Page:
Spatial heterogeneity of low-birthweight deliveries on the Kenyan coast.
Musau MM., Mwakio S., Amadi D., Nyaguara A., Bejon P., Berkley JA., Snow RW., Kamau A.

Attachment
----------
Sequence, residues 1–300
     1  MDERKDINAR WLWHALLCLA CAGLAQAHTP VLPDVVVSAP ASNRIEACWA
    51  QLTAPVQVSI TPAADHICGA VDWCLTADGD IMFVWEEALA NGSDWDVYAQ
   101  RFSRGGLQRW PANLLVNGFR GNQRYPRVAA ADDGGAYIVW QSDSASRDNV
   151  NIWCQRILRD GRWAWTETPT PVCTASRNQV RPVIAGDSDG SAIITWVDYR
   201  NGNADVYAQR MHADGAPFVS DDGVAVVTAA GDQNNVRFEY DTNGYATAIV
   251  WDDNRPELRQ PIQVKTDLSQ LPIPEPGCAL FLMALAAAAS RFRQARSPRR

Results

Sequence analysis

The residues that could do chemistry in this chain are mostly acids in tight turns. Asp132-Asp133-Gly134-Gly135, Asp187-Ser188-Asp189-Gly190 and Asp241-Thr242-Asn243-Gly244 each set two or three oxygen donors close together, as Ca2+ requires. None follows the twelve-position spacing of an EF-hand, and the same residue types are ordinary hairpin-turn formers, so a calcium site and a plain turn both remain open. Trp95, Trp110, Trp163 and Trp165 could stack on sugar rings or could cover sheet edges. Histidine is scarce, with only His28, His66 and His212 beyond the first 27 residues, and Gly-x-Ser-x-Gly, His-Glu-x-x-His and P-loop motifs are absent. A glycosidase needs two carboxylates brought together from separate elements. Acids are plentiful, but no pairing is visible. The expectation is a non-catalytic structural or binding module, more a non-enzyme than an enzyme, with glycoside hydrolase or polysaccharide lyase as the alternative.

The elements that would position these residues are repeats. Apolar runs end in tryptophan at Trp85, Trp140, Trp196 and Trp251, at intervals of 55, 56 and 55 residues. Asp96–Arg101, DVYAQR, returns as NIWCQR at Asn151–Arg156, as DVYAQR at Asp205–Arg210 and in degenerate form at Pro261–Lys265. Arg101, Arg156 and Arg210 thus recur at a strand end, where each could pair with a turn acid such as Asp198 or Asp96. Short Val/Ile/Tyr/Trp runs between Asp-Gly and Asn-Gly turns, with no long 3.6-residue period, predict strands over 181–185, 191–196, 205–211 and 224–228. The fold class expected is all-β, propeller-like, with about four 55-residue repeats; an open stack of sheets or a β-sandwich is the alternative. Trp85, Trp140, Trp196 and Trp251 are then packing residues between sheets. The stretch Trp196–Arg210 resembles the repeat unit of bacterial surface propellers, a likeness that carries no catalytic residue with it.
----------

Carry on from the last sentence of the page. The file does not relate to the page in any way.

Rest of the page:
BACKGROUND: Understanding spatial variations in health outcomes is a fundamental component in the design of effective, efficient public health strategies. Here we analyse the spatial heterogeneity of low birthweight (LBW) hospital deliveries from a demographic surveillance site on the Kenyan coast. METHODS: A secondary data analysis on singleton livebirths that occurred between 2011 and 2021 within the rural areas of the Kilifi Health and demographic surveillance system (KHDSS) was undertaken. Individual-level data was aggregated at enumeration zone (EZ) and sub-location level to estimate the incidence of LBW adjusted for accessibility index using the Gravity model. Finally, spatial variations in LBW were assessed using Martin Kulldorf's spatial scan statistic under Discrete Poisson distribution. RESULTS: Access adjusted LBW incidence was estimated as 87 per 1,000 person years in the under 1 population (95% CI: 80, 97) at the sub-location level similar to EZ. The adjusted incidence ranged from 35 to 159 per 1,000 person years in the under 1 population at sub-location level. There were six significant clusters identified at sub-location level and 17 at EZ level using the spatial scan statistic. CONCLUSIONS: LBW is a significant health risk on the Kenya coast, possibly under-estimated from previous health information systems, and the risk of LBW is not homogenously distributed across areas served by the County hospital.